In academic fields, particularly in science, practitioners are often careful to to say they have confidence in something rather than saying they believe in it. Example: "I am confident the theory of evolution" instead of "I believe in they theory of evolution". This distinction is important, because having confidence imputes having a body of evidence that leads the speaker to find the idea probable; belief implies having faith, which requires no such evidence, and no empirical means to estimate how likely the idea is or not.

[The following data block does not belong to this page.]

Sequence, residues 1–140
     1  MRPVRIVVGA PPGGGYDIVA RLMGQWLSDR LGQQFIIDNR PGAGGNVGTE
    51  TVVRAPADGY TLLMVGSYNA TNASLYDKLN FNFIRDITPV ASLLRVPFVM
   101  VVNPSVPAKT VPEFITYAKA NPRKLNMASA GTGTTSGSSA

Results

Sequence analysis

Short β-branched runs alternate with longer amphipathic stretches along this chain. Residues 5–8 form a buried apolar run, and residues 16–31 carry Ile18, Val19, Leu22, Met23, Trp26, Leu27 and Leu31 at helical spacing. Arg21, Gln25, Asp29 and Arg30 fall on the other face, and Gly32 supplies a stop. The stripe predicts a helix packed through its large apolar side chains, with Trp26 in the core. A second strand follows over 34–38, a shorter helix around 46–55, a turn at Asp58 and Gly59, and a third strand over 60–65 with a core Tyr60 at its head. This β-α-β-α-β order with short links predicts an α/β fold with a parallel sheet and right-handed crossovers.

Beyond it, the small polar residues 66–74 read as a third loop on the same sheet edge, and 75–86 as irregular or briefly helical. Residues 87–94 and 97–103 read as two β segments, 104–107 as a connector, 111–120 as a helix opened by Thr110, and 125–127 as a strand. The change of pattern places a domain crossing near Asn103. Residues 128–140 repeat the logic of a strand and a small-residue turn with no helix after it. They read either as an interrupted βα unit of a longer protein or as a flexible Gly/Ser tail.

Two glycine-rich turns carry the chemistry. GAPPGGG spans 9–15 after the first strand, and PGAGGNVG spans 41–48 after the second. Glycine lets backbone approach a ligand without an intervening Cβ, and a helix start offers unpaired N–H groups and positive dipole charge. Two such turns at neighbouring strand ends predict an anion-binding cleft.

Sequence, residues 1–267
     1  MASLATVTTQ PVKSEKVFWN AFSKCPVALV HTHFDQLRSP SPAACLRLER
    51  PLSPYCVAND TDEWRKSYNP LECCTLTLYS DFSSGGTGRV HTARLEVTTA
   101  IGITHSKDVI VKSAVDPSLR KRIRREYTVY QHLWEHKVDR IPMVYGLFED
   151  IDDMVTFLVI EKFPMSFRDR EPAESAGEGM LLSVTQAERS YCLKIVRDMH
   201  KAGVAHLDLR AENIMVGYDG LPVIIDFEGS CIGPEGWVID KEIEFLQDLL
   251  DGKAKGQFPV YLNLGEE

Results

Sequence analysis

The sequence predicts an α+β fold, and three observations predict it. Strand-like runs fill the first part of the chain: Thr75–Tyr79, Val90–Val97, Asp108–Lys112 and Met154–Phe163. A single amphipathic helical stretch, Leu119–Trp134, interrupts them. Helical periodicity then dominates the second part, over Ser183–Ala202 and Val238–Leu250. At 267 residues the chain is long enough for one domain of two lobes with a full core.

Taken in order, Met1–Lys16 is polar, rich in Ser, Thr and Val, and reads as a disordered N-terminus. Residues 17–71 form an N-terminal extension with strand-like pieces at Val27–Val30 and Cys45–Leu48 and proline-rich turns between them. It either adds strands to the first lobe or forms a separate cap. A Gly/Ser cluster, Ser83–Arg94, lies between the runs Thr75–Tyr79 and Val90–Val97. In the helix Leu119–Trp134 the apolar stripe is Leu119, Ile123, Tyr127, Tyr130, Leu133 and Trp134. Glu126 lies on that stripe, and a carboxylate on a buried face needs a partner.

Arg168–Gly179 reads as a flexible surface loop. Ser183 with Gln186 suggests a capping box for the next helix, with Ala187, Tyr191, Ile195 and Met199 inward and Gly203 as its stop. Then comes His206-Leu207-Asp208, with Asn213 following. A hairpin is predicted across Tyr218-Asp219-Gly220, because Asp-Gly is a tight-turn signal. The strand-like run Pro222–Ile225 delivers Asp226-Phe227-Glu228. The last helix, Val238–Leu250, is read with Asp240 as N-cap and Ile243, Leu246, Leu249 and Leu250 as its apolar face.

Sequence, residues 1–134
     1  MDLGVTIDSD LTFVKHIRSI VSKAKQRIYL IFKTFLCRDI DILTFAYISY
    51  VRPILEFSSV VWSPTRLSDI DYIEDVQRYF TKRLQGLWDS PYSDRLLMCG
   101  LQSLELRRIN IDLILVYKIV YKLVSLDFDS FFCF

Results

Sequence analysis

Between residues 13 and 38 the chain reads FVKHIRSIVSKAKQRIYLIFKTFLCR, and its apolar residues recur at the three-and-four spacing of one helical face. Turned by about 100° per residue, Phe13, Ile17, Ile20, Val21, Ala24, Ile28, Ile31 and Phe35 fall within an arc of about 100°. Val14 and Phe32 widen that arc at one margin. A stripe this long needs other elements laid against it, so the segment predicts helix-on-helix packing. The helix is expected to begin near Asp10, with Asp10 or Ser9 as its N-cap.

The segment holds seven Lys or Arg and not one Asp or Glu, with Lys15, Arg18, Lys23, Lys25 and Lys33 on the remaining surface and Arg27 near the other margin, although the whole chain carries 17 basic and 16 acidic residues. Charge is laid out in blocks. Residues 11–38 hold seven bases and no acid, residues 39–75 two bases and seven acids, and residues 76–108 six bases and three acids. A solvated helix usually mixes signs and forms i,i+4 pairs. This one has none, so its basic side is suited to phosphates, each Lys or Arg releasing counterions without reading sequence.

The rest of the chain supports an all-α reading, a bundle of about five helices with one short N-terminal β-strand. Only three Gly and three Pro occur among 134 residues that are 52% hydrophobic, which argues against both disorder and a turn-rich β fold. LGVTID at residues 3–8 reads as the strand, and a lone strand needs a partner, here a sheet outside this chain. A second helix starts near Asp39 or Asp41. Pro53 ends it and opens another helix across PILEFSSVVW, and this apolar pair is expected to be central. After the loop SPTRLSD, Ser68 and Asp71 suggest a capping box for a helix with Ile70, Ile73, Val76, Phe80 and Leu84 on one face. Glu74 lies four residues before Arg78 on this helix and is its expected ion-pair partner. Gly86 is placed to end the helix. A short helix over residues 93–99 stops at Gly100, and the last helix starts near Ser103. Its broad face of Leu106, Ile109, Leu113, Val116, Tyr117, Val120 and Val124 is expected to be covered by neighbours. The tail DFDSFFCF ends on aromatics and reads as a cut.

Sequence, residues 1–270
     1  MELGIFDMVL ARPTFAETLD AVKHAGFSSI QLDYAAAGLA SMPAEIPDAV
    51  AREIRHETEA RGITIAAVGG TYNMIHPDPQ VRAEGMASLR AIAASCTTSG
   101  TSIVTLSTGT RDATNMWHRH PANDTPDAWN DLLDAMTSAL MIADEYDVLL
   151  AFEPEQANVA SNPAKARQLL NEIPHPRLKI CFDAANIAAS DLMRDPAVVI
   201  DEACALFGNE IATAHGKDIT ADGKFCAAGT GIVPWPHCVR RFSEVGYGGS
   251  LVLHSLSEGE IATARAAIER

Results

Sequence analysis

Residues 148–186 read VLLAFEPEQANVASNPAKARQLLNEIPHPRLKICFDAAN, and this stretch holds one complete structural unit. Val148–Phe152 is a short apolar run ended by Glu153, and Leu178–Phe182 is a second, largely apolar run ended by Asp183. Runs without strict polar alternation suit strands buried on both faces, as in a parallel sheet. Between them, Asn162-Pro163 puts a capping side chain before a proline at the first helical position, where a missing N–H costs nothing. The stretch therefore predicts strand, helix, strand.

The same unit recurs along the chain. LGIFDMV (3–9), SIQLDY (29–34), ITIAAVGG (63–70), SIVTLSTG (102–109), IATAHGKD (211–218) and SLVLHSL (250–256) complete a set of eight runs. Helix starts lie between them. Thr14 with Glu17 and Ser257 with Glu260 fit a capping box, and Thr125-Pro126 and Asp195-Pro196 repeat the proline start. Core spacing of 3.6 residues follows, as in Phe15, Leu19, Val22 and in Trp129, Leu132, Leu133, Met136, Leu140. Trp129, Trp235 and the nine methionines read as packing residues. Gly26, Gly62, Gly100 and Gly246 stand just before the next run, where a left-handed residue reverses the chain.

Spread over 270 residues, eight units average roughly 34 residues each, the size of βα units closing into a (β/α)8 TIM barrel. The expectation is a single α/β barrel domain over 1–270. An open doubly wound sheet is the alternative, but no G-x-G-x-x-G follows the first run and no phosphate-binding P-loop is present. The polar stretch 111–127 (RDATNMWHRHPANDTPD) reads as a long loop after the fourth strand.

In Japanese, it seems that 確信する is the closest means of communicating "to have confidence in". But this phrasing uses 信, which means faith or belief, and has strong (?) religious connotations. Canvassing Japanese L1 speakers I've found no way to avoid using 信 and no way to avoid communicating some degree of (blind) faith.
So my question is: Is this (pedantic) degree of precision possible in Japanese? Is anyone aware of examples where this distinction is made?
Corollary: Am I mistaken in associating 確信する with 信じる?